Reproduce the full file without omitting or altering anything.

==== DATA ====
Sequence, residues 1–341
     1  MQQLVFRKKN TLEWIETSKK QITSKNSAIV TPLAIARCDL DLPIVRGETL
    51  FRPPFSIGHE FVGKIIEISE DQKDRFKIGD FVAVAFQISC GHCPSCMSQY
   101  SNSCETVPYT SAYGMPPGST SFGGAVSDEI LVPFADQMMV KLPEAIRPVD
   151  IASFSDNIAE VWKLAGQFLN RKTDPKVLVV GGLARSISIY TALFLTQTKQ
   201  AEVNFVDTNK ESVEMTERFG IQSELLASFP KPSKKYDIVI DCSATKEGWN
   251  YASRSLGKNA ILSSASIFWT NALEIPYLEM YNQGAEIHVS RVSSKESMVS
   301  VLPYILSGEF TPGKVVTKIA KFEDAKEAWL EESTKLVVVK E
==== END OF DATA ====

Sequence, residues 1–341
     1  MQQLVFRKKN TLEWIETSKK QITSKNSAIV TPLAIARCDL DLPIVRGETL
    51  FRPPFSIGHE FVGKIIEISE DQKDRFKIGD FVAVAFQISC GHCPSCMSQY
   101  SNSCETVPYT SAYGMPPGST SFGGAVSDEI LVPFADQMMV KLPEAIRPVD
   151  IASFSDNIAE VWKLAGQFLN RKTDPKVLVV GGLARSISIY TALFLTQTKQ
   201  AEVNFVDTNK ESVEMTERFG IQSELLASFP KPSKKYDIVI DCSATKEGWN
   251  YASRSLGKNA ILSSASIFWT NALEIPYLEM YNQGAEIHVS RVSSKESMVS
   301  VLPYILSGEF TPGKVVTKIA KFEDAKEAWL EESTKLVVVK E